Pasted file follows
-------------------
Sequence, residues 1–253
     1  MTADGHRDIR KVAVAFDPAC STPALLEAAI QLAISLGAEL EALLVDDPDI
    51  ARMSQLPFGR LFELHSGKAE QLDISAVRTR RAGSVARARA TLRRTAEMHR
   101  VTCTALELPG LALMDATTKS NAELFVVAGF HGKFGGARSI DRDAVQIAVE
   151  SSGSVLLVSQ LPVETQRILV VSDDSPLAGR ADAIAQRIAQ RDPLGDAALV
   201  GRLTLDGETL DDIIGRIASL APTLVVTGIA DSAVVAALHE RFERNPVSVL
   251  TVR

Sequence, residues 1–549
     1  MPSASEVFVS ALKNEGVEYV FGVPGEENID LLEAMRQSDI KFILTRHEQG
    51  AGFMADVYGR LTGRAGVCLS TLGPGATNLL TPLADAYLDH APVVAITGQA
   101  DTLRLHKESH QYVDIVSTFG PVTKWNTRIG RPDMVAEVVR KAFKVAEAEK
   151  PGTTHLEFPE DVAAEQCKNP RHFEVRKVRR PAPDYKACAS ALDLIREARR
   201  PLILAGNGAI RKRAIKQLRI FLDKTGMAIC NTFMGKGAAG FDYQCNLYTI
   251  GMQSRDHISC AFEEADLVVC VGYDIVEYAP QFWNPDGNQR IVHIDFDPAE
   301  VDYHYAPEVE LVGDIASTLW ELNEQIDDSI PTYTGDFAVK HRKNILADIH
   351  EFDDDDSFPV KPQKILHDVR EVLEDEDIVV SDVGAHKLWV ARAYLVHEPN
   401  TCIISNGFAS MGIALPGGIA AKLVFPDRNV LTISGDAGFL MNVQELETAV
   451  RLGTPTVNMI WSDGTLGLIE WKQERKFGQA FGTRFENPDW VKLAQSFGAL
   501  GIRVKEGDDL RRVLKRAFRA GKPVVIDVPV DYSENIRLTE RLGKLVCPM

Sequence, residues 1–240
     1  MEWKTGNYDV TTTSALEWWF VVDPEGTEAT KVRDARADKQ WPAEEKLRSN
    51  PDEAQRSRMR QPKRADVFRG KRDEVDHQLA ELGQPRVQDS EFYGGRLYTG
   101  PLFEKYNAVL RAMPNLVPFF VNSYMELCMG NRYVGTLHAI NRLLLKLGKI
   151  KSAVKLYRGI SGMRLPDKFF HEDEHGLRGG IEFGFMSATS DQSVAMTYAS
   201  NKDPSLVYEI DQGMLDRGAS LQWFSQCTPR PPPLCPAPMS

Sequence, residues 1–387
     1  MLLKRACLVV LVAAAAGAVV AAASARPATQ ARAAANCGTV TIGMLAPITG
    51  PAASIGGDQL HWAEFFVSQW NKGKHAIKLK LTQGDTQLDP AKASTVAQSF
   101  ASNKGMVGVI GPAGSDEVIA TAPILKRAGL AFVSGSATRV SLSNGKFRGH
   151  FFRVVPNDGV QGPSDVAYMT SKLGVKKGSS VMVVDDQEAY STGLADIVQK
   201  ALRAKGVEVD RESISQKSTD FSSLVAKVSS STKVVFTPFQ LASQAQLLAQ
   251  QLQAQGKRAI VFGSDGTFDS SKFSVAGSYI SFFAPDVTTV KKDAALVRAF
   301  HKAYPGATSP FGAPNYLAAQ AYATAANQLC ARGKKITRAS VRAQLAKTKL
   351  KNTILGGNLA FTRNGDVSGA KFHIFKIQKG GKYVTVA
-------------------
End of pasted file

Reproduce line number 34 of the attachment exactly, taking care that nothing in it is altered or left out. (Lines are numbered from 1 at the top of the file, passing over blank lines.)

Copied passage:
   351  KNTILGGNLA FTRNGDVSGA KFHIFKIQKG GKYVTVA